Deconstructing Gen Z

— Heather Scott, WE 

We’ve talked about millennials for nearly 20 years. Now, it’s time to start thinking about what or really who is next. Gen Z is stepping into the spotlight. Today, they represent 28 percent of the U.S. population and that number is growing rapidly: In four years, it will be a staggering 40 percent. Savvy brands are closely watching the way this group operates because soon — very soon — Gen Z will be highly influential in how we all behave and consume.

Over the next six weeks, we’ll share some key insights about this growing generation and how they’re disrupting everything that came before them. 


Just who is this generation waiting in the wings to unseat those entitled millennials?

Let’s get a few things straight: The specific age range of Gen Z is hotly debated, but we’re defining them as those born from 1995 to the present, meaning those 21 or younger. Yep, toddlers, tweens, teens and this year even some recent college grads.

They’re one of the most ethnically diverse, connected, educated and sophisticated generation ever. They’ve already witnessed a wide swing of breakthrough moments like the first African-American president and the legalization of gay marriage. They’ve also seen firsthand the impact of economic distress, hearing their Gen X parents talk of financially challenging times like the dot-com bust and the recession, and watching millennials struggle with sky-high college tuition and the prospect of debt after graduation.

Gen Zers were born into a crisis period of terrorism, recession, climate change and school shootings. This made them realists, with a very practical perspective on what they want and need to accomplish in life. They don’t love polished, perfect situations because they believe in what is real and authentic. They seek out that which reflects the real world they live in.

Gen Z is distinctly unique, unlike any generation that’s come before. Here are four things that separate them from the pack:

1. They’re digital natives. Unlike digital-adapter millennials, who were introduced to smartphones later in life and learned to adjust, Gen Z was raised in the digital era and doesn’t remember a time before social media.

2. They prefer mobile. Of all devices at their fingertips, cell phones are their gadgets of choice to access anything and everything — from recipe hacks like banana splits cooked in foil over a campfire to playing games like “Monument Valley” or “Dumb Ways to Die.”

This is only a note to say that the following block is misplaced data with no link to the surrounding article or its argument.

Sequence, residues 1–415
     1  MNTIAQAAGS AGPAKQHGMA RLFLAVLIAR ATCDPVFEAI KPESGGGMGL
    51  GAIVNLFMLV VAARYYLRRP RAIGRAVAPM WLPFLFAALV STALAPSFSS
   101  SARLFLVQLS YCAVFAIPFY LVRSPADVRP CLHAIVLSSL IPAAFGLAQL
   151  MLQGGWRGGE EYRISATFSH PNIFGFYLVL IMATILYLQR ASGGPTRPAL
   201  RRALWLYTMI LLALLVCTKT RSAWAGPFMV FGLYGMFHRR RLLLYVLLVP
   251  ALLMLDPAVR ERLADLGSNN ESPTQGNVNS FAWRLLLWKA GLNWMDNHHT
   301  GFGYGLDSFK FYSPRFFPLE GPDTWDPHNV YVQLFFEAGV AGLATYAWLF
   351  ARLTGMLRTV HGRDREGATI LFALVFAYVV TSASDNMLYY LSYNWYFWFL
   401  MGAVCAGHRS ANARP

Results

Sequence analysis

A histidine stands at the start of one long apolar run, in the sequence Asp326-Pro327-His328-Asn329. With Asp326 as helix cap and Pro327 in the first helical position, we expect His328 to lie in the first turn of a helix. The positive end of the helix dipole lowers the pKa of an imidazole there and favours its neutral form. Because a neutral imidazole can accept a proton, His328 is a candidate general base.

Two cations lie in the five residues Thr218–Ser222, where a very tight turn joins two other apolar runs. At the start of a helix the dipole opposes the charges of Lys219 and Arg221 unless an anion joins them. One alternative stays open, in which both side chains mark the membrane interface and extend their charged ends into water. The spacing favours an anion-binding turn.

3. They’re wicked information filterers. Gen Zers are expert at filtering content quickly and to their liking.

4. They’re empowered influencers. This group invests and believes in creating a dialogue with brands and products they consume. They have significant online interactions with brands and expect to be heard.  When the Daily Mail posted photos of “Game of Thrones” actress Maisie Williams at a charity event for the National Society for Prevention of Cruelty to Children with a headline that spoke more to her going braless than her support for the charity, she was quick to defend herself. The 19-year-old promptly posted an alternative headline on Twitter for the world to see. That’s just one of a million examples of Gen Z’s brand engagement.

Gen Z is a global, social, visual and technological generation. They’re the early adopters, the brand influencers, the social media drivers and the pop-culture leaders. They don’t just represent the future, they’re creating it.

Ready for Part Two?

Stay tuned for next week when we talk about Gen Z’s spending power. Cha-ching!


A bit of background on the author, Heather Scott:

Heather Scott
What I do:
I read a room. I understand behavior. I process human nature, culture and values. More importantly, I don’t put relationships or brands first, I put people first. If programs that are based on insights, trends and strategies are your things, then I’m your gal. I’m a planner, not a Day Runner.

Why it’s important:
Do you believe in magic? Because a great idea is just a great idea. A strategy by itself doesn’t leave a lasting imprint. Insights and trends are fascinating, but not much more on their own. The integration of all three is where the magic happens.

The coolest thing I’ve done:
At Indiana University, I was the all-campus backgammon champion.

When I’m not working:
I’m looking for snow-covered trees and mountains for my next downhill, cross-country or snowshoe adventure.